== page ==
Rachel Sermanni
Photo: Gaelle Beri / Press

Rachel Sermanni — Swallow Me


Rachel Sermanni is one of Scotland’s most revered indie-folk songwriters of the last decade. Her ability to make ordinary moments in life extraordinary through her music, like coffee machine breakages or bare feet on wooden floors, has garnered praise far and wide among the UK music press, seeing her hailed by some as “one of Scotland’s finest songwriters.”

But with her new EP Swallow Me, things are a little different. The looming spectre of motherhood was a test for Sermanni’s spirituality that she’d never experienced before. Previous to her pregnancy, Sermanni enjoyed a life lived at play. She traveled the world, created boundlessly, and enjoyed the romances that came her way. On the EP, she mourns that way of life, fearing a future where she cannot follow her whims so easily whilst also acknowledging the choices she’s made.

“The thread that weaves most clearly throughout this collection is one of letting go,” Sermanni said in a press release. “Jellyfish go where the current flows. It takes courage to be passive. If you can accept everything, you can embody the jellyfish.”

Opening with the title track, the EP’s core themes of acceptance are at their strongest as Sermanni’s spirit wholly embodies the jellyfish, allowing itself to flow with the changing tides of her life: “It was never a mistake / I was always gonna make / The right road to take… / Was there all along.” Tinges of Phoebe Bridgers poke through the track’s minimal yet attention-grabbing arrangement, while the inclusion of subtle strings evoke homely images of a fiddle player tucked in the corner of a cosy Hebridean bar on a stormy night.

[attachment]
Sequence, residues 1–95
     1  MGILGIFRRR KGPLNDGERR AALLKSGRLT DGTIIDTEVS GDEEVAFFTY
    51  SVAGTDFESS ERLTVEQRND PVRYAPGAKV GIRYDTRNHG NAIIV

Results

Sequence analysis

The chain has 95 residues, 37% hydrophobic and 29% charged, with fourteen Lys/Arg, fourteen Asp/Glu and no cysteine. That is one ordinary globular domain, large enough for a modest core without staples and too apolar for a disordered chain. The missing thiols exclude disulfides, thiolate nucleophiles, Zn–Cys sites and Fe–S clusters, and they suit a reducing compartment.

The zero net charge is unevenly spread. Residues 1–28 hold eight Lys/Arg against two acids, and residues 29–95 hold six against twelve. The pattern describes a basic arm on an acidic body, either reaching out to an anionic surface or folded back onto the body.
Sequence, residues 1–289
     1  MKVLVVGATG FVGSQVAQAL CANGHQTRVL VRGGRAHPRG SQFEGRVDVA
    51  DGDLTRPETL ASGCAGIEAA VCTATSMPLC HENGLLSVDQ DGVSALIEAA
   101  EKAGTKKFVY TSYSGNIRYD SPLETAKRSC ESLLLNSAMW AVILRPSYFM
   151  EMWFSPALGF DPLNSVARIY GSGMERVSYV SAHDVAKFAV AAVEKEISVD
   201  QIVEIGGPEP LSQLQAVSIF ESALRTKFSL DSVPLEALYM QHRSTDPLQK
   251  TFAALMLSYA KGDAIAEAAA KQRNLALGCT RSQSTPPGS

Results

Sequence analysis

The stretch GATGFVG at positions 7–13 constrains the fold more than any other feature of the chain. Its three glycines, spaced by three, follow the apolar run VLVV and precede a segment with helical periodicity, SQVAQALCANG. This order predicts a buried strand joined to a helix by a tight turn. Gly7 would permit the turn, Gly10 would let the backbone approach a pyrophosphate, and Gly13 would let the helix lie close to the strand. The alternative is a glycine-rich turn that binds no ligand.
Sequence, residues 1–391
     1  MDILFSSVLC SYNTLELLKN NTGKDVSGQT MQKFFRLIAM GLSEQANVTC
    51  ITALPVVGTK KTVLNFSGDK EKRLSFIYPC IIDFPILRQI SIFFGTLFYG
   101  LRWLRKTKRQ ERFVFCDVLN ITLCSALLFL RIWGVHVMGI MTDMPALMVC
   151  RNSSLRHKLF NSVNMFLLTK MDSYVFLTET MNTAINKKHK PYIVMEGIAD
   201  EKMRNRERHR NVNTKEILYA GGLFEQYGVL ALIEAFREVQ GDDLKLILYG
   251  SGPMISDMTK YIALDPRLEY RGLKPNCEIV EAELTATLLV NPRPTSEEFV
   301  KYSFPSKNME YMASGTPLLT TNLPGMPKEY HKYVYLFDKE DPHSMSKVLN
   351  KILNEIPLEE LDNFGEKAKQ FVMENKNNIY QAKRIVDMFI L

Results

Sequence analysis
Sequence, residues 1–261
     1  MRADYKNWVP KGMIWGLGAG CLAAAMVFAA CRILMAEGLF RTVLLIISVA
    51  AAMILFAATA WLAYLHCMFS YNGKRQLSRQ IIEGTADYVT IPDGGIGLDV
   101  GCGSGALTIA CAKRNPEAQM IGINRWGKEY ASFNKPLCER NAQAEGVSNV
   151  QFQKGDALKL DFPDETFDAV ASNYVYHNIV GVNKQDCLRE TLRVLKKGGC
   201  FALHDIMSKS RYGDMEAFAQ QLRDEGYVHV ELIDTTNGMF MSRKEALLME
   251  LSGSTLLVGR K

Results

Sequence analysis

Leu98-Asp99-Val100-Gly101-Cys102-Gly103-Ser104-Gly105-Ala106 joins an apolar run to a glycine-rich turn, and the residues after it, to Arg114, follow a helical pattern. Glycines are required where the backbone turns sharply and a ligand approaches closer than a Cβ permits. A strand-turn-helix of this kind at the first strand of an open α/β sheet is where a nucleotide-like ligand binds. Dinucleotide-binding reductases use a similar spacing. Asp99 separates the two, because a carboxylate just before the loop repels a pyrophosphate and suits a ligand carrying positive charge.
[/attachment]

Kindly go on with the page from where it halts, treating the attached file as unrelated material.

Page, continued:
“Brighton House” displays Sermanni’s experience as a songwriter through its elusive intricacies. Irregular drum rhythms and lyrical phrases mix with subtly cushioned vocal harmonies and the woody twang of a double bass to give the track its intimate character, warmed further by the inimitable sound of Fender Rhodes keys.

Coming in at just under six minutes, “Travelled” is the EP’s longest and most melancholic track. Sermanni’s vocals are melismatic; her oohs and aahs are evocatively eery, while her distinct vocal vibrato is expertly measured to a level that Laura Marling would often exude in a similar vein.

This impressive vocal vibrato carries through to the EP’s concluding track, “Love My Love.” Initially, Sermanni gazes forlornly at her love, who is bound for travel in the same way she once was. But through her repeated pleas to “let go,” her spirit of acceptance returns once more.

Through the power of acceptance and surrender, Rachel Sermanni has produced an EP that not only continues to distinguish her as one of Scotland’s finest songwriters, but also illustrates her depth of character as an artist, mother, and human being.